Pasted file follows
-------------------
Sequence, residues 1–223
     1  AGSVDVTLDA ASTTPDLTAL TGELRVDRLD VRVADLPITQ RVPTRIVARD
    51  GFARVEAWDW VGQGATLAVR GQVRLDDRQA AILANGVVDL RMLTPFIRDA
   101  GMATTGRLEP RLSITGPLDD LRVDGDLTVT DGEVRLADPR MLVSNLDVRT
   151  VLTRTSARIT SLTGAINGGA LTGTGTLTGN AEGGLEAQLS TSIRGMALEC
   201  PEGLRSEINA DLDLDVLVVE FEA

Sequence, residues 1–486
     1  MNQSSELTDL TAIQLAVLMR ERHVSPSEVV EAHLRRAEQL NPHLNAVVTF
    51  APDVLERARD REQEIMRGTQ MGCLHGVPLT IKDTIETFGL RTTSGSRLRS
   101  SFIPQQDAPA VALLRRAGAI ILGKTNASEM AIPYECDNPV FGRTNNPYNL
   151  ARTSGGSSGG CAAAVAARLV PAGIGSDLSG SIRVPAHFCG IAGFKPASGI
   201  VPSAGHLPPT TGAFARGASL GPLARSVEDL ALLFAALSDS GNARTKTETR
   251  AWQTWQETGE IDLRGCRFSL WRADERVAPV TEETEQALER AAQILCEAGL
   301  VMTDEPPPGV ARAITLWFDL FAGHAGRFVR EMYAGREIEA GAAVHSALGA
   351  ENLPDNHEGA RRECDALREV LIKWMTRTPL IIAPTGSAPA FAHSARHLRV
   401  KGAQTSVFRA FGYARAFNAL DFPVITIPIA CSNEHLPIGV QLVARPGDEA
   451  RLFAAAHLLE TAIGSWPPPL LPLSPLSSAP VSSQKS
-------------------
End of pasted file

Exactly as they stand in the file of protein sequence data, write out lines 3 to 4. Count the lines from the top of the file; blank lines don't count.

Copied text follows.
    51  GFARVEAWDW VGQGATLAVR GQVRLDDRQA AILANGVVDL RMLTPFIRDA
   101  GMATTGRLEP RLSITGPLDD LRVDGDLTVT DGEVRLADPR MLVSNLDVRT